Biological determinism, erotica, and romance at the WSJ

by Sunita

I’ve been pleasantly surprised by the generally high quality of the Review section of the Saturday Wall Street Journal. The front-page story is really good about half the time, the book, film, and theater reviews are well worth reading, and the weekly closeup story of a Masterpiece is frequently intriguing (this week it examines Lampedusa’s great novel, The Leopard).

But it’s still the Journal. Two pages over from an excellent review of two economics books on poverty and aid programs and just above an insightful examination of how the 3 Cups of Tea scandal is affecting charitable fund raising is an appallingly bad article with a very good title: “The Online World of Female Desire.” It’s been given prime newspaper real estate (page 3 of the section, above the fold) and it’s written by none other than the inexplicably ubiquitous Ogi Ogas. Even if the name isn’t familiar, you’ll know his work, primarily from his blog at Psychology Today, which features posts like “Why Feminism is the Anti-Viagra.” That piece was pretty thoroughly demolished by Robin and the commenters to her post over at Dear Author. But like your favorite zombie villain in the movies, Ogas just keeps coming back.

Why a “computational neuroscientist” is considered competent to talk about human sexuality when he has no training in this field is an ongoing mystery. According to his page at Boston University, from where he received his Ph.D. from the Department of Cognitive and Neural Systems in May, 2009, his “doctoral dissertation explored models of memory priming and color vision.” He has described his dissertation research in the following way:

Basically, what I do is look at how the brain works and try to create computer models or algorithms to model that.

You can read an abstract of the thesis here. It doesn’t appear to have much to do with sexuality or women, but then I’m no cognitive neuroscientist.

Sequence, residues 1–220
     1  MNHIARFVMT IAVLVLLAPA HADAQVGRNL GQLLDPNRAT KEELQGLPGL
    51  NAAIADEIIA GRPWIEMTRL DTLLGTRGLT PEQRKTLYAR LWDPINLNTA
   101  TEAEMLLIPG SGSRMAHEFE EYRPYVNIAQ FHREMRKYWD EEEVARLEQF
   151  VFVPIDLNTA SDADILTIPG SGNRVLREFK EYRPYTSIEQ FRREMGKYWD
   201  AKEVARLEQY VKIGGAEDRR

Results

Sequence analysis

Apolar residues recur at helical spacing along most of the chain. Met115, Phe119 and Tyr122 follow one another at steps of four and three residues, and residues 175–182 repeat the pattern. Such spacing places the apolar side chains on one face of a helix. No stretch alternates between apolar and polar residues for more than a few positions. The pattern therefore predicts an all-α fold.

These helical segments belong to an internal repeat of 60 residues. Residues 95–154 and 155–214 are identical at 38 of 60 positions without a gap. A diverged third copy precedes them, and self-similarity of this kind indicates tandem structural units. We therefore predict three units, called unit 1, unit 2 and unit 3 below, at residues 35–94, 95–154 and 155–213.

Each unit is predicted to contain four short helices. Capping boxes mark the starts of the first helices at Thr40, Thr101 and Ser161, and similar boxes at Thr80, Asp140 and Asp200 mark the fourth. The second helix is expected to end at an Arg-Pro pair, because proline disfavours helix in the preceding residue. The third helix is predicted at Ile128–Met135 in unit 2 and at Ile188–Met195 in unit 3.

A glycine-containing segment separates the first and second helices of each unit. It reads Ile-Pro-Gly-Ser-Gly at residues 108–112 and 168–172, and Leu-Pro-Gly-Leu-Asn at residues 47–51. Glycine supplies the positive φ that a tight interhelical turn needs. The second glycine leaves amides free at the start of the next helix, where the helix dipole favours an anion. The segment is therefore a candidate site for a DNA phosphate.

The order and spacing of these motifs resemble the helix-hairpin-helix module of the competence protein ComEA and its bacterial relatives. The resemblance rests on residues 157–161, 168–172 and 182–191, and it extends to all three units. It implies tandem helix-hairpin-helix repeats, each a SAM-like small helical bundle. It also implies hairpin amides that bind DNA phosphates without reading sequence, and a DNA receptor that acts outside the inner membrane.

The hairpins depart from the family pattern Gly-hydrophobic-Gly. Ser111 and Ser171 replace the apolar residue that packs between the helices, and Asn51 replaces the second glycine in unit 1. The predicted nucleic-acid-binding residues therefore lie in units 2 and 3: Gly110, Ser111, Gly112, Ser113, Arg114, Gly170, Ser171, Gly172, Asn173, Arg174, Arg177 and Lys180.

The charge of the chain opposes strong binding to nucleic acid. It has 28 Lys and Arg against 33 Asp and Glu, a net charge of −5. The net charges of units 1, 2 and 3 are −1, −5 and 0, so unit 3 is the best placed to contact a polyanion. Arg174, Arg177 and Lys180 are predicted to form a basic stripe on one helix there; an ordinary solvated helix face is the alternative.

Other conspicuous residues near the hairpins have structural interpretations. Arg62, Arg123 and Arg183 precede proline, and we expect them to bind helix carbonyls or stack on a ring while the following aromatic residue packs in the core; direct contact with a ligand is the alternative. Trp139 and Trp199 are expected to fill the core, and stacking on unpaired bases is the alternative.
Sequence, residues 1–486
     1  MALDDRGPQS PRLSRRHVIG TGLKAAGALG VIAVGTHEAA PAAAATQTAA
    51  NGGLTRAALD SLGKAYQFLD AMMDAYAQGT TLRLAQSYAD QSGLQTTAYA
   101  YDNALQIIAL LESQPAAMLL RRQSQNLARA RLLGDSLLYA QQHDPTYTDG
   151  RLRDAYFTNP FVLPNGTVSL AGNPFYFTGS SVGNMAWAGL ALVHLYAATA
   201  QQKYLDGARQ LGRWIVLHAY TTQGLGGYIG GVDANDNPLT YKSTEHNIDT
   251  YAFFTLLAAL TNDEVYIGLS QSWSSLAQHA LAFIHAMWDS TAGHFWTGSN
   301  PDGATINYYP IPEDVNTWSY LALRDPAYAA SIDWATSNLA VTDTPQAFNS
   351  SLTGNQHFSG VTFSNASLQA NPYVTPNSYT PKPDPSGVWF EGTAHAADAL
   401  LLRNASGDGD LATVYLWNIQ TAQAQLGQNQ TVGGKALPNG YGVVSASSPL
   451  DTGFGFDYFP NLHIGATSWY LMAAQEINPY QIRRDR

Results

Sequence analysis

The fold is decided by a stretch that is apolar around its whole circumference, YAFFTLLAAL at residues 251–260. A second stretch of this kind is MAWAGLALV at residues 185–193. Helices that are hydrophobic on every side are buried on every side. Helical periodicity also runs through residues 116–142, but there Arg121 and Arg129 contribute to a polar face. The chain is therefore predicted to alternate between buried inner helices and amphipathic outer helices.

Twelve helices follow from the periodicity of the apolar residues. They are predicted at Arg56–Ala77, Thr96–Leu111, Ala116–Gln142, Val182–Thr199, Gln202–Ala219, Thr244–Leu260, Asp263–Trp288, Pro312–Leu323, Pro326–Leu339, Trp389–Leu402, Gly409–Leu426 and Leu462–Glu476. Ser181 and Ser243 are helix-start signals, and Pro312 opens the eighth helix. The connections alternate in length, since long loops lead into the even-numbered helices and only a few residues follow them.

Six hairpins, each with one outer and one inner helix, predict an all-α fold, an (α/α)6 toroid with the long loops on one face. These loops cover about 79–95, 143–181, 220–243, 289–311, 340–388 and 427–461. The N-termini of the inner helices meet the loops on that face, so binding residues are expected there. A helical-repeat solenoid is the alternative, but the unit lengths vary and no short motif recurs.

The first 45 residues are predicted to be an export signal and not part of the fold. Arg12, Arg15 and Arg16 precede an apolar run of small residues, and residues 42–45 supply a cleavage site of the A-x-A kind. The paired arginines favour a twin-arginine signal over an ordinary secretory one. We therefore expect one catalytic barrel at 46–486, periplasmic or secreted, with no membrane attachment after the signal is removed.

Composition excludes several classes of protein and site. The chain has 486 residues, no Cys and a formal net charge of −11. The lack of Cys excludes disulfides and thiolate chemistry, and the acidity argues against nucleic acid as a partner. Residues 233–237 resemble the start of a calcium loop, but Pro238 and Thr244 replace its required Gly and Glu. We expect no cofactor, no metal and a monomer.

He and a collaborator who consults firms on data-mining for market research have been conducting an analysis of what they modestly term

an unprecedented new landscape of data revolutionizing our understanding of human desire.

To you and me, that means they are harvesting billions of online searches for everything from romance novels to People magazine articles about Orlando Bloom to porn.  Now this is not necessarily a misguided project. I have colleagues who are using scraping and other such techniques to explore everything from partisan political attitudes to blog networks to political fundraising, using data from the internet. But all of these colleagues have training in both their substantive areas of interest and the methodological techniques necessary to conduct the analysis. Not only does Ogas lack the necessary substantive background, his data collection techniques were ethically flawed and Boston University disclaimed any affiliation with the research (h/t Daedala, and here’s another excellent overview). Yet Psychology Today has no problem giving him a platform, and now the Journal follows suit.

I would forgive the lack of academic credentials if the article were any good; after all, there are lots of insightful observers of social phenomena who don’t have Ph.D.s, and this piece is in a newspaper, not a professional journal. But the article is just terrible, both in the substance of its argument and the way Ogas goes about making that argument.

Ogas equates a woman’s search for a mate with the way Miss Marple goes about solving a murder, and calls “this unconscious evaluation [is] the source of ‘feminine intuition.’” I have no idea what this means, but falling in love with someone you want to spend your life with doesn’t seem to me to have much overlap with solving a crime. He then draws an analogy between romance novels and pornography. Women, who are complex, read romance novels while men, who are simple, look at pornographic visual material. Women don’t buy subscriptions to porn sites, but they read lots of romance novels. In fact, there are as many people reading romance novels in English worldwide as there are people visiting porn sites in the U.S. and Canada (which suggests that many more people visit porn sites, but whatever).